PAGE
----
The Harbers Storytelling Project is a collaboration between The Nantucket Project and Harbers Studios. Bringing together some of the world’s best speakers and filmmakers, we follow the creative process from ideas to talks to films.


Inspired by Billy Collins’ reading of The Lanyard, his poem about the debt we owe our mothers, Academy Award® winning director Megan Mylan tells the story of Masami Hayata, a Tokyo man delicately balancing his roles as advertising executive, father, husband, devoted son and caregiver to his ailing mother.

Woman in Deep

A woman struggles to hold it together on her birthday.

The Harbers Storytelling Project

Facing painful realities is difficult. Learning to accept them is often more difficult. In this powerful film, directed by Mick Davie, we hear the stories of real people struggling to embrace what author Kelly Corrigan calls the Mount Everest of human emotions. Acceptance.

Bitcoin in 3 minutes
The Harbers Storytelling Project

What is Bitcoin and what does it have to do with the future of money, science, politics and art? Our 3-minute animated film, inspired by a talk at The 2014 Nantucket Project and produced by WONDROS in Los Angeles, explains the basics of this revolutionary technology and what it might mean for our future.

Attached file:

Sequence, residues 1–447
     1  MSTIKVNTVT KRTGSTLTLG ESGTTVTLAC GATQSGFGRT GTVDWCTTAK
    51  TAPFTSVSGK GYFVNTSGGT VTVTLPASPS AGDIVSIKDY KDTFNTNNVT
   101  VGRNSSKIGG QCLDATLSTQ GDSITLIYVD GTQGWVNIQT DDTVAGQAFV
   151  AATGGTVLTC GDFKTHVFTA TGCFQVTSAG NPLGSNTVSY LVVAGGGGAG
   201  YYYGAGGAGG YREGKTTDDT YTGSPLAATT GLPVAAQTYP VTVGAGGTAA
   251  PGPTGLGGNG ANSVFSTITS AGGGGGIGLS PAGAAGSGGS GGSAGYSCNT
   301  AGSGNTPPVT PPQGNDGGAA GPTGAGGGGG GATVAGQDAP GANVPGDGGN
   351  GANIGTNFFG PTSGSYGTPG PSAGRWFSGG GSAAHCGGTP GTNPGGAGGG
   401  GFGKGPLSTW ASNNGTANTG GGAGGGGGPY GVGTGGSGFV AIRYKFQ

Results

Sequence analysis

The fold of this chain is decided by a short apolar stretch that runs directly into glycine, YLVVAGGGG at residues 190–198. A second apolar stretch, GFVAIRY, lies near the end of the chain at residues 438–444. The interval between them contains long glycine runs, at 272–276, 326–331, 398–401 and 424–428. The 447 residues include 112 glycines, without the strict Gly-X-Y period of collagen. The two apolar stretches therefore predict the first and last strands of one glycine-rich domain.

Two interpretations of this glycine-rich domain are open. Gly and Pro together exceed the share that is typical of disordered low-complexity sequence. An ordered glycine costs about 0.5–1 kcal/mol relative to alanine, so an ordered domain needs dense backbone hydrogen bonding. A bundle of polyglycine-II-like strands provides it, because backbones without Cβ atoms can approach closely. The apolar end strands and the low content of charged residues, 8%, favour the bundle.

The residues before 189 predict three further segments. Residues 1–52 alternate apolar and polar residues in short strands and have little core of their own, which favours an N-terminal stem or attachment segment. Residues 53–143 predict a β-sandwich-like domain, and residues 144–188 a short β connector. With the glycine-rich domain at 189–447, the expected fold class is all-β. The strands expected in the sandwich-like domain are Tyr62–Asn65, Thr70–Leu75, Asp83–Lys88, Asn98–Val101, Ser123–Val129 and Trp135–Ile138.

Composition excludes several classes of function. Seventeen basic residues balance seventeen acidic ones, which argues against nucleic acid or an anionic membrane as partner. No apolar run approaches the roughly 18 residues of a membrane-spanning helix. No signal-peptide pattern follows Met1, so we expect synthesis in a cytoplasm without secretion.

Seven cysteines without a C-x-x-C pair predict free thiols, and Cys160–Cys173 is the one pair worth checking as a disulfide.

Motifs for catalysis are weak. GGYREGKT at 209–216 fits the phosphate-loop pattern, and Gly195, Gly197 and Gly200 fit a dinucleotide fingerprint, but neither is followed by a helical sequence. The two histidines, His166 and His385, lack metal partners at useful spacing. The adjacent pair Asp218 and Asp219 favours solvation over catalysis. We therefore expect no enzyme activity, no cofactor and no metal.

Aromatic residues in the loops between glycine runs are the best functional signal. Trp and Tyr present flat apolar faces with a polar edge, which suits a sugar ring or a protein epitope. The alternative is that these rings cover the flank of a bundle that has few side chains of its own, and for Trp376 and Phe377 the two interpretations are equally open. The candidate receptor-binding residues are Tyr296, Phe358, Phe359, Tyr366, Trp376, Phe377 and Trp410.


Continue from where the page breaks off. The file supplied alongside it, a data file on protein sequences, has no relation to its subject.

Draw My Life
The Harbers Storytelling Project

YouTube pioneer, social media entrepreneur and guerrilla filmmaker Casey Neistat is an unlikely superstar. His most famous films document DIY vandalism, an advertising budget spent traveling the world, and an afternoon of snowboarding in New York City. We fell in love with Casey and asked him to make a movie about storytelling. He said OK, and then did exactly what he wanted. The result is classic Casey: authentic, funny, irreverent, poignant, and inspiring.

Reclaim Democracy
The Harbers Storytelling Project

Campaign finance activist Larry Lessig says our electoral system is rigged. Only a handful of Americans control who gets elected because they control, via Super PACs, who gets nominated. In this insightful film, Lessig suggests we put the money in different hands. Our own.